After receiving my 3D print of the 15° adaptor wedge for the Wyze Window Mount, I realized the print could be modified to use less filament, have less VOF restrictions while keeping the same outer geometry. I have since modified the Wize Window Wedge files that I have previously provided links to. The links will now get you the updated files.

Do you have a friend in another county that may be able to help?


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It’s okay, I’ll eventually buy my own 3D printer, and for now, my brother has one I can use for a lot of things like this. His can’t do things like print things that swing with hinges or whatever (like printing something to turn contact sensors into swinging light switches), but enough to get by, so it’s not too big of a deal like I said as I will be able to print things similar to these window mounts just fine on his printer. It just would’ve been awesome to do it for free at the library! Consider me jealous…and now going to push my library to go get one! I found one county in my state that has one. They just charge per gram used plus a small maintenance fee. That’s reasonable though.

Can you do the same thing to angle the camera down? I want to point the camera out a 2nd story window down to my driveway/front lawn.

Hello All and welcome @Loughinjhm.

A downward adaptor aiming wedge can be designed for specific angles, however, the geometry of the Wyze Window Mount limits the amount of angle change before VOF (field-of-view) restriction becomes significant. This restriction is caused by the inside surfaces of the wedge adaptor blocking some of the camera’s FOV. I calculate that a 30° down wedge would introduce a 6.5% FOV restriction spread out mostly along the bottom edge and bottom corners of the image.

This is the link to Print a Look-Through-Window at Selected View Angles w Back Light Shield for V3 Camera
This post makes available a selection of left, right, up, and down aim combinations for a different style of rounded square tube glare shields. This post also describes a method of obtaining aim angles. The Wyze Window Mount is not compatible with these glare shields and would have the be used elsewhere.
Let me know if you want me to work up a downward aimed wedge adaptor and at what angle to the nearest 5°. I will make it up for you and everyone else who might want one.

Till later, Victor.

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Hello All and @Loughinjhm.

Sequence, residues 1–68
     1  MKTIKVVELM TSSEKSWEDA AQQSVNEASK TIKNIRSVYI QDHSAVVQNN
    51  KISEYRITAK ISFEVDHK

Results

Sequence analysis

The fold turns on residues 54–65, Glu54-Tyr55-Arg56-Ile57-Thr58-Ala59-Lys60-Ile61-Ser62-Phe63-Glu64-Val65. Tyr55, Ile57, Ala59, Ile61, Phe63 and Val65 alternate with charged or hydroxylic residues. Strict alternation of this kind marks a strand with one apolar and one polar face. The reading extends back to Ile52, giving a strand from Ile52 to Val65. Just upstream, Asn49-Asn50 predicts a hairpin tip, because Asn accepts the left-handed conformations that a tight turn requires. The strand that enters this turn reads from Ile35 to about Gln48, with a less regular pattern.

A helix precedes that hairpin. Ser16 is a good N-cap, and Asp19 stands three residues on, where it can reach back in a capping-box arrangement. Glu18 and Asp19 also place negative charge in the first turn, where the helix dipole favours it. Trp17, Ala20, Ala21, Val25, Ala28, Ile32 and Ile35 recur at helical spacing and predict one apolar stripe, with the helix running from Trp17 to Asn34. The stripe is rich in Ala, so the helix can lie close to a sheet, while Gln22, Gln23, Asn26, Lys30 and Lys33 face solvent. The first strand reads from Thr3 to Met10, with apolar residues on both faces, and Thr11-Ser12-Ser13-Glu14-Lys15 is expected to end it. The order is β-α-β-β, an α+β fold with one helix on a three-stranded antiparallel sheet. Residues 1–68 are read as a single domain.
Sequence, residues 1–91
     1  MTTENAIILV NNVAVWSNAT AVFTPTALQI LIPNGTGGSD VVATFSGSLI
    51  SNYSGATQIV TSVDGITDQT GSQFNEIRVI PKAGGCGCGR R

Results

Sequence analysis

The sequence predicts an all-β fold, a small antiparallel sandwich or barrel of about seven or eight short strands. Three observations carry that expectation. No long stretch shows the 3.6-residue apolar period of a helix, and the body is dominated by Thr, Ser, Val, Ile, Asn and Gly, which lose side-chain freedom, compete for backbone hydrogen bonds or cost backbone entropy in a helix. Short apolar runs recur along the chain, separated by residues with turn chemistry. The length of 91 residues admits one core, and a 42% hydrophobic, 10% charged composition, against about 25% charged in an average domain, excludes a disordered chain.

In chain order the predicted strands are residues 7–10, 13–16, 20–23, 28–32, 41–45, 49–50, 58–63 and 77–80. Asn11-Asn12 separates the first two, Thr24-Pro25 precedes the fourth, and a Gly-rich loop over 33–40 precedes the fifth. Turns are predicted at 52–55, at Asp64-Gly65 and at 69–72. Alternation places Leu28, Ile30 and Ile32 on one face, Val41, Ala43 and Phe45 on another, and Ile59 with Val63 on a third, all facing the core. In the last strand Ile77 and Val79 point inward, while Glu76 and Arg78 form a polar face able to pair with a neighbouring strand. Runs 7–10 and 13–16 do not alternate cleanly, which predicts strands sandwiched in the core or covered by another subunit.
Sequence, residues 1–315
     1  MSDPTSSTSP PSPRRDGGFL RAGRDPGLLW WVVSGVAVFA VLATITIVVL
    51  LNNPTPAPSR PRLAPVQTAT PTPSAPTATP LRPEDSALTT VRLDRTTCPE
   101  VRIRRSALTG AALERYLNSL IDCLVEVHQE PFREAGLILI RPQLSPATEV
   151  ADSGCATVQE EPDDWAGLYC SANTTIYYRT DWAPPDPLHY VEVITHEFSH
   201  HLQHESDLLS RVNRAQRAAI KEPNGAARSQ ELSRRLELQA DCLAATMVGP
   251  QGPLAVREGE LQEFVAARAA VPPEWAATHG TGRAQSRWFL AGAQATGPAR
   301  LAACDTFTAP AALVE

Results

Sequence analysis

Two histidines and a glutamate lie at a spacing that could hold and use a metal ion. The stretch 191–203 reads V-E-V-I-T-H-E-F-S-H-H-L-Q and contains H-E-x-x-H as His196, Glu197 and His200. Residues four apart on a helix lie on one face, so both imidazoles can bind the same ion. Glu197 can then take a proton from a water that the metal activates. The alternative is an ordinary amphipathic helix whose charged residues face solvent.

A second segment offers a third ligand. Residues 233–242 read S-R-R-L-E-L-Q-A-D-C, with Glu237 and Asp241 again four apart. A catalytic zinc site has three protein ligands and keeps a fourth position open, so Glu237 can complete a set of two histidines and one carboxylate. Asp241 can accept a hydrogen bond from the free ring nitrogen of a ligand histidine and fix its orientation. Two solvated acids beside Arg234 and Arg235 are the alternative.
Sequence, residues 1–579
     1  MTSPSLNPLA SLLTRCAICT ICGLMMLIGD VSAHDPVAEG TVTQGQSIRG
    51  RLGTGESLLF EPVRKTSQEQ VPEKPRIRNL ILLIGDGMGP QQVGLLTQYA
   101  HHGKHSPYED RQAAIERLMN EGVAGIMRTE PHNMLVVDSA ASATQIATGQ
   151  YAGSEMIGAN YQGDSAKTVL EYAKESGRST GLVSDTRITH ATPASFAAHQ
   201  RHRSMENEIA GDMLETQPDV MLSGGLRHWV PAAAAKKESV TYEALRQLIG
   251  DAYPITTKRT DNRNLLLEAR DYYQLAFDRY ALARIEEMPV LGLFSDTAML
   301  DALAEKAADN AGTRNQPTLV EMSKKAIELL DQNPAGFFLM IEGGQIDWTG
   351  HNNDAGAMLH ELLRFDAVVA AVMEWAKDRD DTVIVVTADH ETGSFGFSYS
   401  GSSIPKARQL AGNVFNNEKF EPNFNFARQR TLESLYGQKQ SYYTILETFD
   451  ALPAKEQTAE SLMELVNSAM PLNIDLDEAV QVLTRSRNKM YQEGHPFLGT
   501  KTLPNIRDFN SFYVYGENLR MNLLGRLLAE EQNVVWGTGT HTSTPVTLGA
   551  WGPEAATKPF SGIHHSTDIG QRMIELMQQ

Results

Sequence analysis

This post is a further response to posts 10 and 11. I decided to draw up an adaptor wedge with a 30° downward aim angle. I had it printed at my local library and tried it out to see how it performed. There was a little more FOV restriction than I anticipated. A little change in the flare angle of the vertical inner side walls will lessen the FOV restriction.
I have not attached a link for its STL file, as I want to incorporate the improvement, then I will provide links to a series of downward aimed adaptor wedges for 5° to 30° in 5° increments.

See the pictures below for more information:

Till later Victor.

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Hello All.
In my last post about “Getting Aim Angle for Wyze Window Mount Adaptor Wedges”, I mentioned that the 30° Down Adaptor Wedge for the Wyze Window Mount had a little more FOV (Field Of View) restriction than I anticipated and that I would make a modification of it to see how it performs. I didn’t provide any STL file for the downward aiming adaptor wedges. I also didn’t provide a simple way of determining downward aim angles. This post provides what was missing.

The picture below details a simple way to get the down aim angle.

Below is a picture of the original design 30° Down Wedge.

Below the new design wedge when mounted looks like the original on the outside.

Below was the proposed wedge modification.

Below is a new library printed modified wedge.

Below is the FOV restriction of the original design.

And below is the FOV restriction of the modified design.

The picture below shows the FOV restriction for a Wedge Mod 25° Down.

This is about as good a FOV improvement as one can get without further thinning of the lower corner walls. I am having a 45° down wedge printed soon, to see how much FOV restriction there will be. I will post the results. I expect little to no FOV restriction for the 20° downward wedge and none for the 15° to 5° wedges.

Here is the link to nine STL downward wedge files ranging from 5° to 45° in 5° increments, Wyze Window Mount Adapter Wedges 5° to 45° Down . Included in this directory is the PDF file of the paper protractor that was shown in the first picture of this post. These files are free to use as you please.

Till later, Victor.

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Hello People.
In my last post, the local library was working on printing out a Wyze Window Mount Adaptor Wedge 45° Down. Today I picked it up and set it up to check it out.

This first picture displays the last three that were printed using the modified design that incorporates the wider bottom flare.

The next three pictures show their successive FOV restrictions.

Depending upon the distance from the camera to the area of interest the 45° wedge would still provide head-to-toe coverage. There is plenty of blocked side FOV though.
All of the printable STL files for the Downward aiming adaptor wedges are linked in my previous posts. 45° to 5° in 5° increments, no charge.